Even a “Bad” Internship Can Teach Good Lessons

Imagine this: you’re on your feet for 8 hours straight, I-Pad in hand. For five days a week, you walk aimlessly around Meijer, approaching busy shoppers whose only concern is to get home. Where pretty much, the last thing they want to do is talk to a stranger. Oh, and this stranger is trying to sign them up for another credit card to bring them even further into debt.

This was my last internship.

I think it’s safe to say my dream job has never been to pester people at supermarkets. The hours were long, the customers were rude, and the job seemed pointless—at first. But even though my marketing internship wasn’t exactly a 6-month internship with Miss America, I don’t regret it for a minute.

My internship was a stepping-stone towards the future, and this is what it taught me.

1.     Keep smiling, even when someone says you suck.

Every day, I talked to hundreds of people: old, young, busy, tired, you name it. One thing most of them had in common: they did not want to talk to me, and they were not subtle about it. But this happens at every job, in some form. It’s important to learn how to keep a smile on your face when others try to bring you down.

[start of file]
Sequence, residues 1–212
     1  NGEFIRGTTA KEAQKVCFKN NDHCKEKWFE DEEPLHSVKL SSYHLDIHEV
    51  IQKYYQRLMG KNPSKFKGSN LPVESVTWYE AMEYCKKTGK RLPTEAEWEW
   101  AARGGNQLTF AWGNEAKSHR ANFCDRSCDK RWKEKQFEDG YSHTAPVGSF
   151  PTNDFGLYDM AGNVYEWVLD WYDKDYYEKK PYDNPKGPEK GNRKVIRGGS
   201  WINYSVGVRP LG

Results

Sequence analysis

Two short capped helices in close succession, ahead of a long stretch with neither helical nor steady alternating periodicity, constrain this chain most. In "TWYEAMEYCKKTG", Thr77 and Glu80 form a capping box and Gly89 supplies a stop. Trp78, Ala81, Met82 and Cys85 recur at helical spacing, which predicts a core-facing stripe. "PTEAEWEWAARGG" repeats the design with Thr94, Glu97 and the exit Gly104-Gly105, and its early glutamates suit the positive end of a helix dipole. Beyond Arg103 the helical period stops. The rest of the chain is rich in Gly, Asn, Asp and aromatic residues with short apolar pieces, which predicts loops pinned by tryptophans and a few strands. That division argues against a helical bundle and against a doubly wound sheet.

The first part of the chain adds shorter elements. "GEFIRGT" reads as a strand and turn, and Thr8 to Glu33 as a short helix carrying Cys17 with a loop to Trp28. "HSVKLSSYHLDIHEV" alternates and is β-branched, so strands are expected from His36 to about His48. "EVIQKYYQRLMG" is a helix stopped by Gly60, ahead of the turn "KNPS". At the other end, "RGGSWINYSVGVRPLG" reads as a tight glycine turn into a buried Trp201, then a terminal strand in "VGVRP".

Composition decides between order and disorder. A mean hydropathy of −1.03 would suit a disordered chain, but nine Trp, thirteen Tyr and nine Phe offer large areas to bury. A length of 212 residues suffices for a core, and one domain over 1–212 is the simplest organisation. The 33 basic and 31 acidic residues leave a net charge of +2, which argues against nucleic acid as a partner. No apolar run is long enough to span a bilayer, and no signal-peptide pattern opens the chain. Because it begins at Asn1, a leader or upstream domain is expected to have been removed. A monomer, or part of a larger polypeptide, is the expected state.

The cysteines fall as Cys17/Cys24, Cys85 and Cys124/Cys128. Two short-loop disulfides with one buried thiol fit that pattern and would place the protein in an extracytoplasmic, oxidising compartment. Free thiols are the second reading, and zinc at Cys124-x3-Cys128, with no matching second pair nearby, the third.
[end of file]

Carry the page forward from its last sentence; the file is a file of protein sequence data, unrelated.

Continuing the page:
2.     My social skills are through the roof

In Public Relations, it’s no surprise that people-skills are important. I was in a sink-or-swim situation. Either I built relationships quickly in an uncomfortable environment, or I didn’t meet quota. This internship taught me how to talk to every personality type. I even had fun doing it. Now, I can apply this to future clients, interviewers, or even colleagues at work.

3.     You can do anything you put your mind to.

I know, I know—how cliché right? But it’s true. Believe it or not, waking up at 6:30 to drive 45 minutes to a small-town in the middle of Ohio only to be yelled at for hours was not exactly appealing to me. And to top it off, I was terrible. I didn’t make a single sale the first two weeks.  But I was determined. I wanted to prove to myself that I could be successful in any job. One month later, I was the national credit card representative for our company. I set my mind to a goal and I achieved it. 

So no, I did not work my dream job this summer—and I’m glad it didn’t. Starting off with any internship teaches you the basics. You learn self-confidence, determination and how to interact with the people. So I guess I learned a little about Public Relations after all. 

Post by Travel and Tourism account associate Courtney Armpriester